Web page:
The reason I bring up delinquencies is that it highlights the very great difficulty that monetary policy has currently in stimulating the US market. The potential demand is there; the ability to afford the required goods has degenerated over the last eight months, and lower interest rates can do almost nothing to stimulate demand in the broader consumer economy.
The income required for demand rarely gets mentioned!
Maybe I should retract that. I have to admit that the legislative compromise at the end of 2010 (the last gasp of the Dem-controlled federal government) was rather anti-Keynesian. That's why I predicted a recession as the outcome.
You cannot raise taxes on lower earners and give higher earners big tax breaks at a time of inflating basic living costs without significantly contracting demand among the lower income segment, which feeds through to lower spending (as households have to reserve more income for basics), fewer jobs, lower income expectations, and ultimately, a progression of lower incomes and expectations through to the higher income households. You also can't cut unemployment benefits for millions of people when there are literally not jobs available for a quarter of them without causing a disturbance in the economic universe.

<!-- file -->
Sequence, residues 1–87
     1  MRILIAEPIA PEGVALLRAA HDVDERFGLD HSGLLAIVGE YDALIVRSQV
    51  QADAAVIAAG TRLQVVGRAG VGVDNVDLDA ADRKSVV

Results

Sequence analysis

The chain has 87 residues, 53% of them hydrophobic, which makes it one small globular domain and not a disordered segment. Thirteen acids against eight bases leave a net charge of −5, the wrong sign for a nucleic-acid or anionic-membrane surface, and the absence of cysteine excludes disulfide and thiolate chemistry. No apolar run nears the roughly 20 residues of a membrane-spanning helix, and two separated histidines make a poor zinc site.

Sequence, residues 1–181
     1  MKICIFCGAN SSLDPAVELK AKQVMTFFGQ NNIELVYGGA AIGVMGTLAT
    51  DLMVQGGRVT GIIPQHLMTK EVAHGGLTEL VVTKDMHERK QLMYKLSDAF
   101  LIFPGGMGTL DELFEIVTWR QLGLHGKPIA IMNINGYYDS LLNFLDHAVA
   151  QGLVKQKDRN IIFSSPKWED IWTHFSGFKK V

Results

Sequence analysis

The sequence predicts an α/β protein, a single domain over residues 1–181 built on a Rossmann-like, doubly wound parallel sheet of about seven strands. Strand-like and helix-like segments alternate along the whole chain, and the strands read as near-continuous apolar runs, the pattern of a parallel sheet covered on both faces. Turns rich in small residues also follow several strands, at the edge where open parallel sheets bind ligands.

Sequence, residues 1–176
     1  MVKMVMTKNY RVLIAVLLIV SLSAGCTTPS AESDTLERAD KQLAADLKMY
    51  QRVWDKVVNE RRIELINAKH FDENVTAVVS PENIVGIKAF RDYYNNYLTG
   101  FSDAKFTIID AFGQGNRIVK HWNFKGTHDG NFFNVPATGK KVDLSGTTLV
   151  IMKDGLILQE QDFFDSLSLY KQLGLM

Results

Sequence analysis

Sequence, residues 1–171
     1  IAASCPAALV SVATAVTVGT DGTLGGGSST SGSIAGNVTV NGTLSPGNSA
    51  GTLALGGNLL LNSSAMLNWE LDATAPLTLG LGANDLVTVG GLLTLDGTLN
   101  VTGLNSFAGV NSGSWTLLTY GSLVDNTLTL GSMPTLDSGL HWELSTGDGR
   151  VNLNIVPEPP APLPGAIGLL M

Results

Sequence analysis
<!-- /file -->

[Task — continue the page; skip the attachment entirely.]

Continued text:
Since we are mostly at an end to the pure spending binge segment of Keynesian theory, perhaps everyone needs to step back and look at the more fundamental aspects of Keynesian theory.
"Since we are mostly at an end to the pure spending binge segment of Keynesian theory, perhaps everyone needs to step back and look at the more fundamental aspects of Keynesian theory."
More easy credit combined with higher gasoline prices for the 45 million on food stamps won't reignite a subprime housing boom?
Can't we just stick to the emotional fundamentals? Easy money sounds so much easier than hard money.